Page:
Plos Genetics issue of March'08 is out and with it an already advanced interesting research: Geographic patterns of genome admixture in Latin American Mestizos, by Sijia Wang et al.
The article has been recieved with sort of a "nothing new" comment all around the genetic blogosphere but I think a couple of issues are of interest.
The "nothing new" non-finding is that Mestizos have overall more European than Native male ancestry, specially when compared with the female ancestry. In this study they researched autosomal SNP markers and X chromosome ones. The first is statistically inherited equally from male and female ancestors, while the second is more female than male (roughly 67% and 33%). In most Mestizo samples, the European ancestry happens to be significatively larger in the SNP bar than in the autosomal one (see fig. 2), meaning more male than female European ancestry. the inverse is true for all samples regarding Black African ancestry (i.e. their Black ancestors were systematically mostly females).
But there are at least two exceptions to the European male dominance "rule": in the samples of Oriente (Guatemala) and Salta (Argentine, near Bolivia) the European ancestry bars are about the same, what actually translates as Native American male ancestry larger than the female one, and European female ancestry unusually large. The same is true for the samples of Pasto and Peque (both in rural Colombia), though maybe not as exageratedly. So there are 4/14 where the standard machista Eurocentric mestizaje was modified up to inversion. Why? Don't know yet but a clue may be in the rural nature of these mestizo samples, as well as in the fact that they are among the 5 samples that have highest Native American blood overall. Probably European immigration was low in those areas and therefore Mestizo women (rather than purely European, who were always few) may have no choice but marrying natives (I mean it was, and surely still is, socially less favorable - I naturally do not oppose that personally, not at all: society does).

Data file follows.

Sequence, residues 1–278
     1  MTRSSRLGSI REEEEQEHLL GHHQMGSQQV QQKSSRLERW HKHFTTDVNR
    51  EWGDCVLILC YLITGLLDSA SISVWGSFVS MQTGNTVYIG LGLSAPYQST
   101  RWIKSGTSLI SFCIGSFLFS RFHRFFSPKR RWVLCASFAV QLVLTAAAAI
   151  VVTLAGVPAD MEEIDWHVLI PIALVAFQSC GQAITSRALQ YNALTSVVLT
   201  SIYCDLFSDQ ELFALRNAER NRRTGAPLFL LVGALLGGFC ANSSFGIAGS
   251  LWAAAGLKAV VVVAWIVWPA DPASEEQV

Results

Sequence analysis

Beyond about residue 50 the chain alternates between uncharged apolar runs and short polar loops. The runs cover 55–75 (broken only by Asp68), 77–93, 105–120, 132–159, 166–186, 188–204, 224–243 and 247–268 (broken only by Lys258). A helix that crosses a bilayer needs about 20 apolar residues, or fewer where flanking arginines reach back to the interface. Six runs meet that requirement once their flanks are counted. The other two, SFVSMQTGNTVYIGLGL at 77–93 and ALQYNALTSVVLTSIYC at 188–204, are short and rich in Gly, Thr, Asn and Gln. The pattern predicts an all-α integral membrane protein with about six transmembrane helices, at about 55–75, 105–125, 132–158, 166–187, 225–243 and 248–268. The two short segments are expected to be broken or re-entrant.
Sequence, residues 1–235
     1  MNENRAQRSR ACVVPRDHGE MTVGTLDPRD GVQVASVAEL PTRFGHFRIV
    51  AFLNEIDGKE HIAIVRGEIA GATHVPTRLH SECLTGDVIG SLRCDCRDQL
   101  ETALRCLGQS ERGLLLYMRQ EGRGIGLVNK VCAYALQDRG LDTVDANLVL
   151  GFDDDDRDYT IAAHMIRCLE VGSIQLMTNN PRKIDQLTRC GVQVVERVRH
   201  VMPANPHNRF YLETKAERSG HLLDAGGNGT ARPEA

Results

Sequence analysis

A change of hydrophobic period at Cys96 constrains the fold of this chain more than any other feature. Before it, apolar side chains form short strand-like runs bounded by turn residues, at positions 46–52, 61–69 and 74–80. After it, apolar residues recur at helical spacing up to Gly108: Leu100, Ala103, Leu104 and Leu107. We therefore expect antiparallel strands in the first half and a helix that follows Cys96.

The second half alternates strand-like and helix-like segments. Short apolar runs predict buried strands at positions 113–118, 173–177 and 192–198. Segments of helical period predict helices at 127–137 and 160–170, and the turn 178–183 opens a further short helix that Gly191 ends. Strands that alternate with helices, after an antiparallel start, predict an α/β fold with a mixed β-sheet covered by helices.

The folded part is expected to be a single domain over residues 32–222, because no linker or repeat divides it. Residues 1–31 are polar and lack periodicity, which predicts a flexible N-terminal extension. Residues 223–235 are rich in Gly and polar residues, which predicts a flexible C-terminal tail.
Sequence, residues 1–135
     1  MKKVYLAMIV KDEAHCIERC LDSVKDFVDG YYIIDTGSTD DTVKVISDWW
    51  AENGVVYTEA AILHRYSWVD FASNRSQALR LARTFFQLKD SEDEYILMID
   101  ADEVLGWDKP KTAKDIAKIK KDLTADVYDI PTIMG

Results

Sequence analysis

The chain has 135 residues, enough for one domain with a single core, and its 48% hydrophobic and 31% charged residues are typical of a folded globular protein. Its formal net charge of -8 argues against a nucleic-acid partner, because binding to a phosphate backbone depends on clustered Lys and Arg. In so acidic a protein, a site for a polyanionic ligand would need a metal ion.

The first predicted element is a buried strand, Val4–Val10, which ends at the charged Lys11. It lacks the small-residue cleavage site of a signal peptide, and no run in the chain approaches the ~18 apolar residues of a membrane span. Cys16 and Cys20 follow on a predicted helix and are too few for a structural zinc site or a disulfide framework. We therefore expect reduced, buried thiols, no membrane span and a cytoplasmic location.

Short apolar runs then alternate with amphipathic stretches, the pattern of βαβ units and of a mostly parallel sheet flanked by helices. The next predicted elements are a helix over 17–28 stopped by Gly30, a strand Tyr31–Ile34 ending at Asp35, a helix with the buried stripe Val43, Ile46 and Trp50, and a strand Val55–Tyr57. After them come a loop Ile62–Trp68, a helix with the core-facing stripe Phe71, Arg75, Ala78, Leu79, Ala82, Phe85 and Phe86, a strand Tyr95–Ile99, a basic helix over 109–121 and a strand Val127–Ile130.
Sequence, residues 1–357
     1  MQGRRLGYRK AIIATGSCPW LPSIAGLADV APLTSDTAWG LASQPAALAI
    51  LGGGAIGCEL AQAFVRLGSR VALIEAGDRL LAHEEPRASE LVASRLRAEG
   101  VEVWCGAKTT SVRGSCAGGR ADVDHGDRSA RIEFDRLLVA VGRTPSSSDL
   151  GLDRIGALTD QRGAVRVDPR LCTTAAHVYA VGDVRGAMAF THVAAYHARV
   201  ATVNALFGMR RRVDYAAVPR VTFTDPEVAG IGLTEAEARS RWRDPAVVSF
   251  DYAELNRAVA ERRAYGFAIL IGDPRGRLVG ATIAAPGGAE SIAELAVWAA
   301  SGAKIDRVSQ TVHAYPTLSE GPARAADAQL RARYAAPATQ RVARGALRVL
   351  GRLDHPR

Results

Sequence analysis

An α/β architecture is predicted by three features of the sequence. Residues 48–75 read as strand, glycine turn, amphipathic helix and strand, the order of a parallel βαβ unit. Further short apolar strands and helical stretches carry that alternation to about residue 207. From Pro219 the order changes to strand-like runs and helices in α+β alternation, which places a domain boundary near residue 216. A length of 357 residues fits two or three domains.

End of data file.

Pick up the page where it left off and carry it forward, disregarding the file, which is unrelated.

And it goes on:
The other issue is the makeup of Native ancestry in these Mestizo groups. And, against what the authors argue, the data (fig. 5 and 6) shows that some populations actually have an extremely variegated non-local native ancestry. The most striking examples are also probably the most urban ones: Mexico City and Medellín.
Mexico City Mestizos have among their native ancestry, some 60% that does not belong to North America (North- and Meso-American linguistic groups) but to Isthmic and South America. The Andean and Equatorial-Tucanoan groups, that are definitively not Central American nor Caribbean, make up a 40% of their native ancestry. A very similar case is that of Medellín Mestizos, where the North American blood makes up almost 40% of their native ancestry. Much of the same can be said of other samples: Rio Grande do Sul (Brazil), Tucuman and Cajamarca (Argentine), Cundinamarca (Colombia, the department that includes Bogotá) and Oriente (Guatemala).
I wonder why and the easiest answer is that probably Latin American Mestizos travelled quite a lot in the Spanish Empire - after all they constituted the backbone of the Spanish administration and military, even if the ruling elite was of nearly pure European ancestry and even often new arrivals from the metropolis.